Morphogenetic systems: Models and experiments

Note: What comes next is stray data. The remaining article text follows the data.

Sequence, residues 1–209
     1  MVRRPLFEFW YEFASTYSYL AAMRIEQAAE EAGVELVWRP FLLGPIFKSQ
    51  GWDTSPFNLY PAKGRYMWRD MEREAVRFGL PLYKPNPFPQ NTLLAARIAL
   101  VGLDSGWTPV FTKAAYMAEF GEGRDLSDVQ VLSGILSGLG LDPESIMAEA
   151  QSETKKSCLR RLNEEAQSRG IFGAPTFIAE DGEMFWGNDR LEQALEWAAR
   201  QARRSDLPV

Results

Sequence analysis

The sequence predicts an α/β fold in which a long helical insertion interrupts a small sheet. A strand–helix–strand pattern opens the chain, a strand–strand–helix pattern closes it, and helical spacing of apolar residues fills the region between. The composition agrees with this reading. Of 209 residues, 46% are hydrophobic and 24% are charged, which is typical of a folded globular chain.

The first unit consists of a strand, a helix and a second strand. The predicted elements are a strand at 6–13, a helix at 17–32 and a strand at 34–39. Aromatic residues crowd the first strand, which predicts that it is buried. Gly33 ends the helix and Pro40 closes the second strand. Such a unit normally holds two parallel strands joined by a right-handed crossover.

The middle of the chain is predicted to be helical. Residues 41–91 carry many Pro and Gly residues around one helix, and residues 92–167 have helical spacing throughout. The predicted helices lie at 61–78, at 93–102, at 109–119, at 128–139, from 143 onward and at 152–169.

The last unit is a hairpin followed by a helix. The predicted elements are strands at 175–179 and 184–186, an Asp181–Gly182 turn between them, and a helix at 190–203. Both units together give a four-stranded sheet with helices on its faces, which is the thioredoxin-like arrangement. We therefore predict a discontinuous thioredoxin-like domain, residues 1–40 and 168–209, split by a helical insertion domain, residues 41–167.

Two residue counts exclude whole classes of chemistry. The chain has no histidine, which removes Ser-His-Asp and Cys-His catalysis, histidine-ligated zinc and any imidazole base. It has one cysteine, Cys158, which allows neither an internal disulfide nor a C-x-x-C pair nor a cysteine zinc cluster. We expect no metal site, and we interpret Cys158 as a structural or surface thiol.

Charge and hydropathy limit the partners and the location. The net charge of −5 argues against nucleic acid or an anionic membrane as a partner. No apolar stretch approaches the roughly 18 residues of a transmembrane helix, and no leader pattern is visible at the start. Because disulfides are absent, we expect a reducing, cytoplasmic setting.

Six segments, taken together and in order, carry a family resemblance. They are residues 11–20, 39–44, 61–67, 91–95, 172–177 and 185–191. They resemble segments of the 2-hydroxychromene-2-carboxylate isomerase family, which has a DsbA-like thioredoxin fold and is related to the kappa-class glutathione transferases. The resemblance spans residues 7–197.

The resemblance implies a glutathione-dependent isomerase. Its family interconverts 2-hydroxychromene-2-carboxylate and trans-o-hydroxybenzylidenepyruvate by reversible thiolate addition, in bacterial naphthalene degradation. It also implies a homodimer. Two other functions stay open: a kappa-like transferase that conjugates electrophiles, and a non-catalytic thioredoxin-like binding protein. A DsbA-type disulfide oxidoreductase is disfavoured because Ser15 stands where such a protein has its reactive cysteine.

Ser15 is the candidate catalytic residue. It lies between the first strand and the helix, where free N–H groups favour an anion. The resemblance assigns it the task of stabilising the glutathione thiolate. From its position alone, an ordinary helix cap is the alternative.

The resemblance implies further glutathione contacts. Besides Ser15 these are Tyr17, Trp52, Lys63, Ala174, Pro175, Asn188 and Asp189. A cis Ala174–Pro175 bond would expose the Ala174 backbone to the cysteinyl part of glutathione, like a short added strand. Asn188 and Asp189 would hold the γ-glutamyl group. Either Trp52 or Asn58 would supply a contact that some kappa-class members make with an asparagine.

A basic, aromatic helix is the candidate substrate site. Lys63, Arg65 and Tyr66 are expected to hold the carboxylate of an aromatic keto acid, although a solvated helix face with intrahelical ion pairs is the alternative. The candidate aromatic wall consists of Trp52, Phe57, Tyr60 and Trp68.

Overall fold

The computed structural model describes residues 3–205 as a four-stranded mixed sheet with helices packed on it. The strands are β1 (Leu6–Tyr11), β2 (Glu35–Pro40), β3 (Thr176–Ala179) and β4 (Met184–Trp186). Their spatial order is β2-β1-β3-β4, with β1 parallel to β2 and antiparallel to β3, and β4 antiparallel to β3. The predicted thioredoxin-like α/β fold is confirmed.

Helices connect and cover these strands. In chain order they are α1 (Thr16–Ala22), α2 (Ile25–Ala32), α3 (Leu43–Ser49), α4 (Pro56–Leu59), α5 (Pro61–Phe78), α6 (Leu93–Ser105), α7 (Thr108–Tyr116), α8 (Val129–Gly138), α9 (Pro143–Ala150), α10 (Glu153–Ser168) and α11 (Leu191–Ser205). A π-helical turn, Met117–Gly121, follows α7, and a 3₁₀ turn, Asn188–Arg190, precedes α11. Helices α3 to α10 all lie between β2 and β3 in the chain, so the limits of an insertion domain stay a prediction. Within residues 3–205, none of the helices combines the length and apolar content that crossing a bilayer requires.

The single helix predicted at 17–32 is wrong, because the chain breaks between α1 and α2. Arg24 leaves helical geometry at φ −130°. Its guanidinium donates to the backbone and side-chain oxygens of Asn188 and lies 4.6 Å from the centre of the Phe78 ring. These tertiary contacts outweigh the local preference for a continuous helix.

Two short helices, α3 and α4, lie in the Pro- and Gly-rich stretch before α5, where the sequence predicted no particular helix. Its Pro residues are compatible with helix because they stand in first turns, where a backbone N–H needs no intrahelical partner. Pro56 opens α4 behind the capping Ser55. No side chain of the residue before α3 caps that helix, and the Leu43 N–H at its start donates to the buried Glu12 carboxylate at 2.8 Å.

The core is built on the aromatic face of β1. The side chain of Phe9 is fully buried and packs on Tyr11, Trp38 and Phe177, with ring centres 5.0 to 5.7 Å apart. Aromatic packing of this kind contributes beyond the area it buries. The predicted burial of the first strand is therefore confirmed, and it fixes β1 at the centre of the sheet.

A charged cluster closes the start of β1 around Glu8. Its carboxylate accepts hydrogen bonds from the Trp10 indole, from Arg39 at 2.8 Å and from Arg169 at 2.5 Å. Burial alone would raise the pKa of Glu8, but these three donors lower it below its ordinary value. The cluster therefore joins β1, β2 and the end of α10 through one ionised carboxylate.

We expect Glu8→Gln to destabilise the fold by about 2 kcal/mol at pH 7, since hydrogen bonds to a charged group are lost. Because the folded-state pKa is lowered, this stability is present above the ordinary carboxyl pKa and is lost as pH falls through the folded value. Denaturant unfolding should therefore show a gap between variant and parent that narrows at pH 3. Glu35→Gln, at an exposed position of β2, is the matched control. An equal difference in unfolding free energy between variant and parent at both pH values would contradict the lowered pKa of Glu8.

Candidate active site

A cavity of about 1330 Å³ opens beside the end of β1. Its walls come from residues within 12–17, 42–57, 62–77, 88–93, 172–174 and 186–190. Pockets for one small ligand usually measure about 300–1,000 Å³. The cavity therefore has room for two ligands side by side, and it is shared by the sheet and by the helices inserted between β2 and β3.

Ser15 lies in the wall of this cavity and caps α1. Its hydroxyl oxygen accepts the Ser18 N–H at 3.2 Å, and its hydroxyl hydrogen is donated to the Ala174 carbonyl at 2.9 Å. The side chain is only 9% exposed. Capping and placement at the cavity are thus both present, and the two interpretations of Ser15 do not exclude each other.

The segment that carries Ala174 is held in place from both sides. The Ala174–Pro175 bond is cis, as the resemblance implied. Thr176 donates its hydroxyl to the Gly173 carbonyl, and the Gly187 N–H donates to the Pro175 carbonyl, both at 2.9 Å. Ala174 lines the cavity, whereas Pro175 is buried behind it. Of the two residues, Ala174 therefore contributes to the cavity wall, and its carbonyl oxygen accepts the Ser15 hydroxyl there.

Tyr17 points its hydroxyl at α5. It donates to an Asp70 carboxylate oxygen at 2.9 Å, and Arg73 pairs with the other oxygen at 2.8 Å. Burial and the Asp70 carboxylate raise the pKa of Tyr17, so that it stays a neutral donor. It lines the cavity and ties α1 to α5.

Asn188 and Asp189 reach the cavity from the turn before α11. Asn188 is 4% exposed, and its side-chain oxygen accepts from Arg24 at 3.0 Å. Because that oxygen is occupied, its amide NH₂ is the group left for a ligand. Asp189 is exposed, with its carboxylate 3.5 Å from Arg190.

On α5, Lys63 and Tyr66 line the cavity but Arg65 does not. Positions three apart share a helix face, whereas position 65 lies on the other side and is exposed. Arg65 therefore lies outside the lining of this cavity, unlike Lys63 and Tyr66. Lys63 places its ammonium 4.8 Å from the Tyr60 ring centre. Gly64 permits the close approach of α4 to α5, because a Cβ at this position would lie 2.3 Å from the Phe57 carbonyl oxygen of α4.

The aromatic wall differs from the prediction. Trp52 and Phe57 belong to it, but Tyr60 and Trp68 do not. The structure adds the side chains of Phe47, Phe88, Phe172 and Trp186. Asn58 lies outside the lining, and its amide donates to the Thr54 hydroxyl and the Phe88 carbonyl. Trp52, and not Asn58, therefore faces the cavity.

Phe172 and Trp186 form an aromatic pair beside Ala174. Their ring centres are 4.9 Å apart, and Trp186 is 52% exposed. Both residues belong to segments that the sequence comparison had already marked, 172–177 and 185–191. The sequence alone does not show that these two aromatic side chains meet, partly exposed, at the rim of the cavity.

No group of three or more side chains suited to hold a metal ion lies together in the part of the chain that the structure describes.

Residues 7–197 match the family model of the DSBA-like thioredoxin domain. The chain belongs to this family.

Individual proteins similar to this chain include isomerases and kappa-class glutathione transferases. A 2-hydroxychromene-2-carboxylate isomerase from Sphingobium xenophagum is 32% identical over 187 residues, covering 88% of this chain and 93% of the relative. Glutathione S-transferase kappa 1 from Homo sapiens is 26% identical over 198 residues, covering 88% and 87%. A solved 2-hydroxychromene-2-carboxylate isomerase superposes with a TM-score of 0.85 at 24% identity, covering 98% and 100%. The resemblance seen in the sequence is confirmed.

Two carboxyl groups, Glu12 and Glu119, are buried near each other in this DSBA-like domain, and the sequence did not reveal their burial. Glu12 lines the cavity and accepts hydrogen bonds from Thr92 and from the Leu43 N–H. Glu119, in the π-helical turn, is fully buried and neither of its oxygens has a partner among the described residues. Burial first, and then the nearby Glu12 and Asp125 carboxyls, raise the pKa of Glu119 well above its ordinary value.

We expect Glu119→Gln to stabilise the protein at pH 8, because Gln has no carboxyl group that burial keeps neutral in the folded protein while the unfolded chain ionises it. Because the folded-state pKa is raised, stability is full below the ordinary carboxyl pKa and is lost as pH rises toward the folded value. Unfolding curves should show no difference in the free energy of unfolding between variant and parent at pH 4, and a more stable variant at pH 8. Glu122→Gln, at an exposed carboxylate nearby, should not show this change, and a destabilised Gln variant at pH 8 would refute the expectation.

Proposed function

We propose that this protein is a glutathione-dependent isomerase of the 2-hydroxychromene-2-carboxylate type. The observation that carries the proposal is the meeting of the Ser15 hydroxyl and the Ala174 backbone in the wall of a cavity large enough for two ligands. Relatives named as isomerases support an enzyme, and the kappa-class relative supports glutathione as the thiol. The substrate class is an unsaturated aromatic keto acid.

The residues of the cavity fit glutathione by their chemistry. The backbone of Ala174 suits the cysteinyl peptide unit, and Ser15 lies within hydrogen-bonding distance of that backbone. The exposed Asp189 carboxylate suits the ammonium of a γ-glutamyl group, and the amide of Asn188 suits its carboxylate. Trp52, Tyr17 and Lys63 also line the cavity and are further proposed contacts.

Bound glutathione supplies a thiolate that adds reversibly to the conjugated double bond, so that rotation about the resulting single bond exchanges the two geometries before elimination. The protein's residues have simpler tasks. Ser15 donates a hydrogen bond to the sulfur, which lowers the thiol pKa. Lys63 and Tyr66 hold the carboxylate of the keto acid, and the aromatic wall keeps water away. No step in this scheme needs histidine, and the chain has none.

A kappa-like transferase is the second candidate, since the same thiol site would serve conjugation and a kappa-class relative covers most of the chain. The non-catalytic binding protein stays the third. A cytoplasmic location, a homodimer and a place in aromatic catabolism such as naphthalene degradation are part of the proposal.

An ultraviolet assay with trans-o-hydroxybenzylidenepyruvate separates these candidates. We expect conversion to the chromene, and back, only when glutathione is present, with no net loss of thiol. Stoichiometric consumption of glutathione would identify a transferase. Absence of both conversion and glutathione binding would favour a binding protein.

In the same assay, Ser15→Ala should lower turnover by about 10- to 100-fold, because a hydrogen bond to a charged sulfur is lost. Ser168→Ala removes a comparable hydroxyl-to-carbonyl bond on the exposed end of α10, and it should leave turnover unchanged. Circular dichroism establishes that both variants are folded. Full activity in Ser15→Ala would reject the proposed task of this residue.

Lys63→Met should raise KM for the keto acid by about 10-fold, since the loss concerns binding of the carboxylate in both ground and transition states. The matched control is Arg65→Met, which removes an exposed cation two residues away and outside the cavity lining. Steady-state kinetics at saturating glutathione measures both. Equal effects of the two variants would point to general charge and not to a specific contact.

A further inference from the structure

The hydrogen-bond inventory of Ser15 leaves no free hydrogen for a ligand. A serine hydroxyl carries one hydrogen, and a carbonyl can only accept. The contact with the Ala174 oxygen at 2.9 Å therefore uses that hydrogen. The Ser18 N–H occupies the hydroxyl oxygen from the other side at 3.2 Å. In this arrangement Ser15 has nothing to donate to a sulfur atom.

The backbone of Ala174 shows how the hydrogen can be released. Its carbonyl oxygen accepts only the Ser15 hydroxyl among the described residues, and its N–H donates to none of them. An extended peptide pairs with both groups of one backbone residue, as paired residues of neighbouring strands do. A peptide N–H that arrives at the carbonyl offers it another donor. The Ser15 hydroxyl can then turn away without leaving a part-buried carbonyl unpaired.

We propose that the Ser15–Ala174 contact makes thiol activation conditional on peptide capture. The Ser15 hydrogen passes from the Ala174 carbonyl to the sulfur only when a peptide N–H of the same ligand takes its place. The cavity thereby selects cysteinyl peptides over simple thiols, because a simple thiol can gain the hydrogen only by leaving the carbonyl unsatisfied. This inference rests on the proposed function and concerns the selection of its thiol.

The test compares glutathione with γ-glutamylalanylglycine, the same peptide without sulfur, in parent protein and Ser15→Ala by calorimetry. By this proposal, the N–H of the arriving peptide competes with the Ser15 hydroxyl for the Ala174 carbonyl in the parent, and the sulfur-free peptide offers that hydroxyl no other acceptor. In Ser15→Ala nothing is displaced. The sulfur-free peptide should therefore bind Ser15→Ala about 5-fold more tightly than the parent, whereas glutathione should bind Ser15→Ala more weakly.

M systems are mathematical models of morphogenesis developed to gain insights into its relations to phenomena such as self-assembly, self-controlled growth, homeostasis, self-healing and self-reproduction, in both natural and artificial systems. M systems rely on basic principles of membrane computing and self-assembly, as well as explicit emphasis on geometrical structures (location and shape) in 2D, 3D or higher dimensional Euclidean spaces. They can be used for principled studies of these phenomena, both theoretically and experimentally, at a computational level abstracted from their detailed implementation. In particular, they afford 2D and 3D models to explore biological morphogenetic processes. Theoretical studies have shown that M systems are powerful tools (e.g., computational universal, i.e. can become as complex as any computer program) and their parallelism allows for trading space for time in solving efficiently problems considered infeasible on conventional computers (NP-hard problems). In addition, they can also exhibit properties such as robustness to injuries and degrees of self-healing. This paper focuses on the experimental side of M systems. To this end, we have developed a high-level morphogenetic simulator, Cytos, to implement and visualize M systems in silico in order to verify theoretical results and facilitate research in M systems. We summarize the software package and make a brief comparison with some other simulators of membrane systems. The core of the article is a description of a range of experiments inspired by aspects of morphogenesis in both prokaryotic and eukaryotic cells. The experiments explore the regulatory role of the septum and of the cytoskeleton in cell fission, the robustness of cell models against injuries, and, finally, the impact of changing nutrient concentration on population growth.

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